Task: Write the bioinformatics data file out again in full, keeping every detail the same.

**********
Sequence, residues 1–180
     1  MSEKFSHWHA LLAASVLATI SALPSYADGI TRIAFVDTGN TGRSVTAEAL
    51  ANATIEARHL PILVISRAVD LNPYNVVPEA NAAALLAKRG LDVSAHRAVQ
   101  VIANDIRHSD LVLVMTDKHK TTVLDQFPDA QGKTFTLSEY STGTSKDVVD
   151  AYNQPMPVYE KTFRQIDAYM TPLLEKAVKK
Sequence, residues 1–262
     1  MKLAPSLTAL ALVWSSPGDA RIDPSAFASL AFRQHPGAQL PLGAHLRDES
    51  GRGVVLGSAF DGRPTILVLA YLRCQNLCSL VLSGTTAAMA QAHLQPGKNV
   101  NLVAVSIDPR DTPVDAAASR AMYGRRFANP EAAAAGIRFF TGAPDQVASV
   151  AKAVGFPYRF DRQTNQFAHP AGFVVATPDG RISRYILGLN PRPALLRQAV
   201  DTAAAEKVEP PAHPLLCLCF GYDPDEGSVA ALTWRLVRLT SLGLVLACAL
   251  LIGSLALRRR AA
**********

Sequence, residues 1–180
     1  MSEKFSHWHA LLAASVLATI SALPSYADGI TRIAFVDTGN TGRSVTAEAL
    51  ANATIEARHL PILVISRAVD LNPYNVVPEA NAAALLAKRG LDVSAHRAVQ
   101  VIANDIRHSD LVLVMTDKHK TTVLDQFPDA QGKTFTLSEY STGTSKDVVD
   151  AYNQPMPVYE KTFRQIDAYM TPLLEKAVKK
Sequence, residues 1–262
     1  MKLAPSLTAL ALVWSSPGDA RIDPSAFASL AFRQHPGAQL PLGAHLRDES
    51  GRGVVLGSAF DGRPTILVLA YLRCQNLCSL VLSGTTAAMA QAHLQPGKNV
   101  NLVAVSIDPR DTPVDAAASR AMYGRRFANP EAAAAGIRFF TGAPDQVASV
   151  AKAVGFPYRF DRQTNQFAHP AGFVVATPDG RISRYILGLN PRPALLRQAV
   201  DTAAAEKVEP PAHPLLCLCF GYDPDEGSVA ALTWRLVRLT SLGLVLACAL
   251  LIGSLALRRR AA